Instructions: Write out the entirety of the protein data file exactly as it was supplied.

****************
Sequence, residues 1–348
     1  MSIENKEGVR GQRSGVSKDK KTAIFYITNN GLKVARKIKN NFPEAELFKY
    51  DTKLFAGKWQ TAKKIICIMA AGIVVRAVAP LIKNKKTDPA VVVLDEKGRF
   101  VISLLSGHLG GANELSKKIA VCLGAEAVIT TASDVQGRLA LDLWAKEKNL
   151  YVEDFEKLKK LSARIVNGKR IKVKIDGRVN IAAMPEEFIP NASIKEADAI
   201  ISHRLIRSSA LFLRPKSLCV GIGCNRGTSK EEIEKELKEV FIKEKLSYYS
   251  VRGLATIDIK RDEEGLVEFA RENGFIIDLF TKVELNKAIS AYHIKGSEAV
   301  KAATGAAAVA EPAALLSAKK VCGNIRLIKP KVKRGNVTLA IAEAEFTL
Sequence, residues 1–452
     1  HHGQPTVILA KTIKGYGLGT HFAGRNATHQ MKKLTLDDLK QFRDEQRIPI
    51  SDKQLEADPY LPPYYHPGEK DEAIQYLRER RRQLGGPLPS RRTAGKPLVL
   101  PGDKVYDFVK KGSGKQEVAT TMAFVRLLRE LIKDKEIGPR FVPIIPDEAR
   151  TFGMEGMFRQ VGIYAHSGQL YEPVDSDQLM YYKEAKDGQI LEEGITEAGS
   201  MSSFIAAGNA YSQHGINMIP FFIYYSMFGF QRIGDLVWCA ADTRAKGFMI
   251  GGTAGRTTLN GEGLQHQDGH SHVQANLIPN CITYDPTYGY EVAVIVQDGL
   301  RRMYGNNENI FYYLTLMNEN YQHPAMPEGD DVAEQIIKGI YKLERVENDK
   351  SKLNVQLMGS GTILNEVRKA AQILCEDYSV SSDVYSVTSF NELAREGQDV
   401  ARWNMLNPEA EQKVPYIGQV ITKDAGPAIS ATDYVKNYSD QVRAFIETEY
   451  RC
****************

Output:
Sequence, residues 1–348
     1  MSIENKEGVR GQRSGVSKDK KTAIFYITNN GLKVARKIKN NFPEAELFKY
    51  DTKLFAGKWQ TAKKIICIMA AGIVVRAVAP LIKNKKTDPA VVVLDEKGRF
   101  VISLLSGHLG GANELSKKIA VCLGAEAVIT TASDVQGRLA LDLWAKEKNL
   151  YVEDFEKLKK LSARIVNGKR IKVKIDGRVN IAAMPEEFIP NASIKEADAI
   201  ISHRLIRSSA LFLRPKSLCV GIGCNRGTSK EEIEKELKEV FIKEKLSYYS
   251  VRGLATIDIK RDEEGLVEFA RENGFIIDLF TKVELNKAIS AYHIKGSEAV
   301  KAATGAAAVA EPAALLSAKK VCGNIRLIKP KVKRGNVTLA IAEAEFTL
Sequence, residues 1–452
     1  HHGQPTVILA KTIKGYGLGT HFAGRNATHQ MKKLTLDDLK QFRDEQRIPI
    51  SDKQLEADPY LPPYYHPGEK DEAIQYLRER RRQLGGPLPS RRTAGKPLVL
   101  PGDKVYDFVK KGSGKQEVAT TMAFVRLLRE LIKDKEIGPR FVPIIPDEAR
   151  TFGMEGMFRQ VGIYAHSGQL YEPVDSDQLM YYKEAKDGQI LEEGITEAGS
   201  MSSFIAAGNA YSQHGINMIP FFIYYSMFGF QRIGDLVWCA ADTRAKGFMI
   251  GGTAGRTTLN GEGLQHQDGH SHVQANLIPN CITYDPTYGY EVAVIVQDGL
   301  RRMYGNNENI FYYLTLMNEN YQHPAMPEGD DVAEQIIKGI YKLERVENDK
   351  SKLNVQLMGS GTILNEVRKA AQILCEDYSV SSDVYSVTSF NELAREGQDV
   401  ARWNMLNPEA EQKVPYIGQV ITKDAGPAIS ATDYVKNYSD QVRAFIETEY
   451  RC